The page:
ARMSTRONG: Ontario hasn’t learned all its lessons from the previous pot licence lottery

Michael Armstrong, Associate Professor of Operations Research in Brock’s Goodman School of Business, wrote a piece recently published in the Hamilton Spectator about Ontario’s upcoming lottery that will be used to create an additional 50 cannabis shops across the province.

Armstrong writes:

The Ontario government has announced it will allow 50 more cannabis shops to open in October. Eight are allotted to First Nations reserves. The other 42 will be chosen by lottery. Unfortunately, the government has learned only some of the lessons from its previous cannabis lottery experience last January.

The announcement of more stores is good news for the fight against black markets. Ontario has trailed other provinces on that goal because it lacks enough legal retailers.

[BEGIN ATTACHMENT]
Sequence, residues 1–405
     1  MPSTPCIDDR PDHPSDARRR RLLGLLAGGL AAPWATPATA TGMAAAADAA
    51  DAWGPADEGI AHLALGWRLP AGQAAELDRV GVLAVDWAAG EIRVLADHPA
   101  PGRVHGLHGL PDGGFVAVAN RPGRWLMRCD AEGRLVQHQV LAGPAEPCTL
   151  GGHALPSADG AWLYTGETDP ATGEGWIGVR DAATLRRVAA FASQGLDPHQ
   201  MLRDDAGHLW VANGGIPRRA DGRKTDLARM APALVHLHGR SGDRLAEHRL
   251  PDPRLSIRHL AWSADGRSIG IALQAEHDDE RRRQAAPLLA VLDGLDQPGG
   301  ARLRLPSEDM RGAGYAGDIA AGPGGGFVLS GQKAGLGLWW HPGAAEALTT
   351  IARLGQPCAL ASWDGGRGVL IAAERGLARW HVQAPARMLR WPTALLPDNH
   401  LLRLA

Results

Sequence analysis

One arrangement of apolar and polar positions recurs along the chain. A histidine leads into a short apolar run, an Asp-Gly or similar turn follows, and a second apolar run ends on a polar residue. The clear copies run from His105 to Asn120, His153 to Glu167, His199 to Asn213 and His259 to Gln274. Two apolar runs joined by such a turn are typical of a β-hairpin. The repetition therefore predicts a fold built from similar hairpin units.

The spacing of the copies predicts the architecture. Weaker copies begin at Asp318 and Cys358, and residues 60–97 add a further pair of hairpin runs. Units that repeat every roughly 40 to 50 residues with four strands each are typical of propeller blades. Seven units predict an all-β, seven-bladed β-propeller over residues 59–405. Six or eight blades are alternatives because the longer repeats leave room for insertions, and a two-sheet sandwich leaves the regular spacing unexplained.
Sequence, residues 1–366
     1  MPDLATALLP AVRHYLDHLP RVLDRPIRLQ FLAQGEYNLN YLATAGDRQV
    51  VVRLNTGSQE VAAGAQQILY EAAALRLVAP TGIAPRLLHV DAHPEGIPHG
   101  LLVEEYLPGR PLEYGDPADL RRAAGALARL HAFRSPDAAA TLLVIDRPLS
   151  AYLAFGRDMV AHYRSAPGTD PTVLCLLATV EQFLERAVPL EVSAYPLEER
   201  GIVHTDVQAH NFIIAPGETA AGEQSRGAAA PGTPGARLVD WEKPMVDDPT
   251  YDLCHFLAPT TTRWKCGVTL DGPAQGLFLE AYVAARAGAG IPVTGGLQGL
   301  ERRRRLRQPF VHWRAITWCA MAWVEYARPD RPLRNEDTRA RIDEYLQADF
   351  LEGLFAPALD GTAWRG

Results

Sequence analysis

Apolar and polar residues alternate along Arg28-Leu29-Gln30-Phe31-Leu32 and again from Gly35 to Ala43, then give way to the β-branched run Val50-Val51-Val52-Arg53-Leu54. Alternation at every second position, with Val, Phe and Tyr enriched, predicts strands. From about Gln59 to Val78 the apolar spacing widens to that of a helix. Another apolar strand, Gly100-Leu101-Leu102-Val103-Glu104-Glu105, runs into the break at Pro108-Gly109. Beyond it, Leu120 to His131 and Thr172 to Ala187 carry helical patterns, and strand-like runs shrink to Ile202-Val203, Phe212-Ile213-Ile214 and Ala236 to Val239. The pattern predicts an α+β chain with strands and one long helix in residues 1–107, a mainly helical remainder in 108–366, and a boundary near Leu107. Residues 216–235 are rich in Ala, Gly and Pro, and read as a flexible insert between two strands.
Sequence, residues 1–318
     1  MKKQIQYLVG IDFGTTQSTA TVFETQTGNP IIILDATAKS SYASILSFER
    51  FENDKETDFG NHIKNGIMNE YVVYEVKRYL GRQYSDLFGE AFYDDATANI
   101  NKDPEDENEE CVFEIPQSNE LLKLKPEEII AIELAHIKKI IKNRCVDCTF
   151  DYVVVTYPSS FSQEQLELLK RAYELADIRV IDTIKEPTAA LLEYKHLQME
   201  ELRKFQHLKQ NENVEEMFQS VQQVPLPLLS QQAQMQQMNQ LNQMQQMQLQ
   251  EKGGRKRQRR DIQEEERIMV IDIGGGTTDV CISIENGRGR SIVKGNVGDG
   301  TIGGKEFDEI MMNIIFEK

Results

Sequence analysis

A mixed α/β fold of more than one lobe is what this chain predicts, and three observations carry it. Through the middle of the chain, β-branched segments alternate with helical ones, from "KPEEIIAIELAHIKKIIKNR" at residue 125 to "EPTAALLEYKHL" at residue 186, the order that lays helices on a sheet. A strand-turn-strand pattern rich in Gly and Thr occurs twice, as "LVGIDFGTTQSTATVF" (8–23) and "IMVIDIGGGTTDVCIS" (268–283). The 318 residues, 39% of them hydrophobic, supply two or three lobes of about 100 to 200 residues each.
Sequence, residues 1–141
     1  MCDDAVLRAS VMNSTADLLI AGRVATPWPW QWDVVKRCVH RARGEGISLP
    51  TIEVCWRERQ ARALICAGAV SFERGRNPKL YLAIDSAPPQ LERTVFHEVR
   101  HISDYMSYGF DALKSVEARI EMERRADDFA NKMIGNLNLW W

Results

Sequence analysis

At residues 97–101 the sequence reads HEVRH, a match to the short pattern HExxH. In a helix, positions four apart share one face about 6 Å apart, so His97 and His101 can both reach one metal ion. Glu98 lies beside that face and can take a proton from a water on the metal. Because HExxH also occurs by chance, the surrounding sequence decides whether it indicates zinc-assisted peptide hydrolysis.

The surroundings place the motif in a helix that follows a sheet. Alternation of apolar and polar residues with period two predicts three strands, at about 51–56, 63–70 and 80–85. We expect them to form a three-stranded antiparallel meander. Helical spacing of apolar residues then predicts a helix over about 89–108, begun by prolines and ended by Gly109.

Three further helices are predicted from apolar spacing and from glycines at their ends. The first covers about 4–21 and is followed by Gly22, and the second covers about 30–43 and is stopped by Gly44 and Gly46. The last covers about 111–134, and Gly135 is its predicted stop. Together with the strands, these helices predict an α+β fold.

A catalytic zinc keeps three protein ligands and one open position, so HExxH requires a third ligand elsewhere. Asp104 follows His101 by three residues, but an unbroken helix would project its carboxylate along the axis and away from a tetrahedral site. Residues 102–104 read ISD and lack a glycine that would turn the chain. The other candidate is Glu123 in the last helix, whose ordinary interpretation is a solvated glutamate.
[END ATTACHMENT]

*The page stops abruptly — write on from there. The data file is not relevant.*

Statistics Canada’s latest retailing report confirmed the value of physical stores. Ontario’s legal recreational cannabis sales totalled just $7.7 million in March, when only online sales were available. That jumped to $19.7 million in April after the first dozen shops opened.

But while more stores are needed, ongoing product shortages effectively limit their number. Health Canada data suggest legal production of dry cannabis products is improving, but it’s still only enough for one-sixth of national demand.

So, the province is justified in limiting the next store batch to 50. The 42 off-reserve shops, including 11 in western Ontario, will be chosen by lottery.

Continue reading the full story here.

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